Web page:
Arts: A long meditation about love

Double Take: Paul Taylor and Nick Kimberley on Peter Sellars's production of Peony Pavilion

WHOSE SHOW is it anyway? Peony Pavilion presents scenes from a 16th-century Shanghai opera by Tang Xianzu, in Cyril Birch's highly rhetorical translation, staged by the American, Peter Sellars, with music by the contemporary Chinese composer, Tan Dun. Each has a stake in the production, as have the designers of set (George Tsypin), costume (Dunya Ramicova) and sound (Janet Kalas). More than most theatrical productions, Peony Pavilion derives its coherence, and occasional incoherence, from the unity of these collaborative elements.

If Tang Xianzu would recognise its relationship with his original, so much the better. Historically informed re-creation has its place (in a museum), but Sellars and Tan, the project's main instigators, have something different in mind.

Their Peony Pavilion is a drama in two acts, the first fusing Western spoken theatre with the sing-speech, song and dance of Chinese opera (kunqu), as reinvented by Tan; the second retaining those elements, but roughing them up through contact with Tan's notions of contemporary opera, a melange in which West and East, ancient and modern, are not polar opposites, but contiguous points.

It could all go horribly wrong, but it's bound by a strong narrative thread: a girl, Du Liniang, is immersed in an erotic reverie that takes physical shape when the student Liu Mengmei seduces her. The two pursue each other through dream-worlds and, when Du dies, beyond the grave. Like Prince Charming, Liu rescues her from death's domain, and they escape together.

A simple enough story, but its telling carries a real sensual charge, not least because we observe three Lius, and three Dus engage in very different dramatic rituals; and that observation is achieved in part through no fewer than 18 TV screens embedded within Tsypin's set.

Tan Dun once played in a Chinese opera pit-band, and his re-imagining of ancient style cuts to the emotional quick. Then, in the almost free- standing opera that is Part Two, he lets rip. His orchestra (visible throughout) expands from a trio of pipa, fiddle and percussion, to include a rock drummer, midi horns, flute, and the unearthly wail of the Korean piri.

The cast is augmented by two full-out bel canto signers, Ying Huang (Du) and Lin Qiang Xu (Liu), whose operatic demeanour raises the dramatic temperature yet again. Flitting throughout, the composer's own disembodied voice, pre-recorded, howls shamanistically. That conductor Steven Osgood holds it together is a small miracle of musical empathy. Although its elements are distinct and recognisable, Peony Pavilion shapes them into something wild, frequently wonderful and quite new.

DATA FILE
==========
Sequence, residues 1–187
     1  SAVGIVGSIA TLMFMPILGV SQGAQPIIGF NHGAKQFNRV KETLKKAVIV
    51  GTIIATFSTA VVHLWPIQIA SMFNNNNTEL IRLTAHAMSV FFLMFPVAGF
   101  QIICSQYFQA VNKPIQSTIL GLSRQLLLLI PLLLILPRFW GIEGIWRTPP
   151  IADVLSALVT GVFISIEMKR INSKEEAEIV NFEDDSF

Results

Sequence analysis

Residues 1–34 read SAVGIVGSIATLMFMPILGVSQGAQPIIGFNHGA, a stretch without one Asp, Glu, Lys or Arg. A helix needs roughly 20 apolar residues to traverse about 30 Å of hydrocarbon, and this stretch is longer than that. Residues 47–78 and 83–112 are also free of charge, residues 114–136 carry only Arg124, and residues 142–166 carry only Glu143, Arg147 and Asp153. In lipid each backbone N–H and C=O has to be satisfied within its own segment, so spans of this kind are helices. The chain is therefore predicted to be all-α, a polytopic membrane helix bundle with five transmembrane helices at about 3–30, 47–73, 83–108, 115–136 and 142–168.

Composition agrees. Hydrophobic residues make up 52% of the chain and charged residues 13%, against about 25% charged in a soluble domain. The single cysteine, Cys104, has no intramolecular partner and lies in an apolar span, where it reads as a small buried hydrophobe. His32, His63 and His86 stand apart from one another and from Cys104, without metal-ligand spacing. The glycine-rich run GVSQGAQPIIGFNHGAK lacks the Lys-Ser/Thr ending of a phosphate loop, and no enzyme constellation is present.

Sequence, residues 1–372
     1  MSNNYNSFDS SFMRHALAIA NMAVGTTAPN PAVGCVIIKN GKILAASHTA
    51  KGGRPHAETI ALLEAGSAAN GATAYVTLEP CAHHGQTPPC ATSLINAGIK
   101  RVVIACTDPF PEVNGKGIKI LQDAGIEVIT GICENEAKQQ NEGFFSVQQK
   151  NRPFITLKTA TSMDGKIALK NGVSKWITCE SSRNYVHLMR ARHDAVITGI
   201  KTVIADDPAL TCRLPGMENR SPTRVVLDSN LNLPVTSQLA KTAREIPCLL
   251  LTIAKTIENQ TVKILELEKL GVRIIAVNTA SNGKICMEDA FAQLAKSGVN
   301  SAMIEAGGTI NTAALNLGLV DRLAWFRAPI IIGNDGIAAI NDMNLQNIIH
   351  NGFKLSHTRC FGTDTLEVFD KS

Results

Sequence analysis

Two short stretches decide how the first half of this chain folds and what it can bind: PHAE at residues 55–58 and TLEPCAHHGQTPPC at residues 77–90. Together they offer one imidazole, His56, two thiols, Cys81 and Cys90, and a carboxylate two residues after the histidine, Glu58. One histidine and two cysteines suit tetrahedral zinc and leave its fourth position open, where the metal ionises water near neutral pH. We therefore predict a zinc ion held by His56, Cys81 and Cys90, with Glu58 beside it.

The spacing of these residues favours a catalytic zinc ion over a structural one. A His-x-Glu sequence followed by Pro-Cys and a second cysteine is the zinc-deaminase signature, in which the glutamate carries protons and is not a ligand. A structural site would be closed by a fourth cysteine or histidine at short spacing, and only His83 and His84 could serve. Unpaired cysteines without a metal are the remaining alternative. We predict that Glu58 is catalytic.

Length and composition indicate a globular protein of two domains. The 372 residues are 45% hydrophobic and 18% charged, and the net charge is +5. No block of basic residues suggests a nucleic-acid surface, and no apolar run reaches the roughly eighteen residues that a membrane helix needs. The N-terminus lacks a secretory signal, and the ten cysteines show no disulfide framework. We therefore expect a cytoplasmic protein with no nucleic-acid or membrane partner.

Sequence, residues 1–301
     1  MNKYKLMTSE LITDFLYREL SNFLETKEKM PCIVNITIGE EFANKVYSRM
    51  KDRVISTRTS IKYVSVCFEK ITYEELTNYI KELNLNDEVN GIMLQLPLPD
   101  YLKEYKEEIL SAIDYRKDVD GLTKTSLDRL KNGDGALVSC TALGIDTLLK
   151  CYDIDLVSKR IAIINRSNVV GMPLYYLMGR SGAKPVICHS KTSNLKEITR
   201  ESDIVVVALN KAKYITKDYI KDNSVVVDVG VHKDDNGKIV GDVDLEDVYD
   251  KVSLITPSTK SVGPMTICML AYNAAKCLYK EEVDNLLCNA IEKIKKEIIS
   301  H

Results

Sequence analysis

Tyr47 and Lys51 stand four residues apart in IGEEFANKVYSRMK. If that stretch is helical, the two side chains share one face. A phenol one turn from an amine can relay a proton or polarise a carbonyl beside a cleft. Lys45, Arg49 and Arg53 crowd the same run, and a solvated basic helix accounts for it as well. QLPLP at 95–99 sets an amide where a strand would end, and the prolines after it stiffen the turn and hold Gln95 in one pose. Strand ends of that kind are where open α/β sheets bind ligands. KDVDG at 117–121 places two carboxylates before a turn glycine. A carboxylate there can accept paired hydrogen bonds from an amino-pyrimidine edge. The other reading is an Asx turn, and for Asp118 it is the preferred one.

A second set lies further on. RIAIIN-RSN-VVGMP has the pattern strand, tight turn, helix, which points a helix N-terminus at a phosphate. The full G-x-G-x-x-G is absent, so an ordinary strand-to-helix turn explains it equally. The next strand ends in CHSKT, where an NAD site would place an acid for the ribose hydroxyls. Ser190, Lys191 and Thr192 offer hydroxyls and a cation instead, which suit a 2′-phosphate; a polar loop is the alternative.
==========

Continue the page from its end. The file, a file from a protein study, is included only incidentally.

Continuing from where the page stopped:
NK

THE VIDEO monitors, suspended between sheets of glass at various angles and in an assortment of sizes, glow with pure colour and have the look of an enchanted swarm of tropical fish. The last time a Peter Sellars production visited the Barbican, the rows of monitors looming over the stalls relayed footage of the LA riots. This was The Merchant of Venice, relocated to Venice Beach, California. In Peony Pavilion, his latest project, the images on the screens tend to be more delicate, peaceful - a drift of petals in water, a feather swaying in slow motion close-up; a sudden flush of apricot. This is a 16th-century Chinese classic of the Kun tradition (part theatre, part opera) seen through hi-tech 20th-century eyes.

A meditation on the nature of love, Tang Xianzu's celebrated drama recounts the fortunes of Du Liniang, a 16-year-old girl who has to go through extraordinary preliminary stages before she is properly united with the man she loves. She meets him first in an erotic dream, then, after she has died of longing, as a ghost. It is only when he defeats death by raising her from the grave that they meet as mortals and equals.

Sellars' production juxtaposes different theatrical traditions. In the first half, the lovers are played simultaneously by two couples - a pair of Kunqu artists (Hua Wenyi and Jason Ma) enact a courtship of shy, stylised mirroring-movements, while two young Americans (Lauren Tom and Joel de la Fuente) emote naturalistically and with miked voices into hand-held cameras. They are always ready for their close up, Mr De Mille.

In Part Two, when the turbulent culture clashes in Tan Dun's arresting score commence (Tibetan chants overlaid with rock drumming et al), this foursome is joined by a rapturously haunted soprano (Ying Huang) and a tenor, Lin Qiang Xu, whose voice can perform startling vertical take-offs that produce an absolutely delirious falsetto.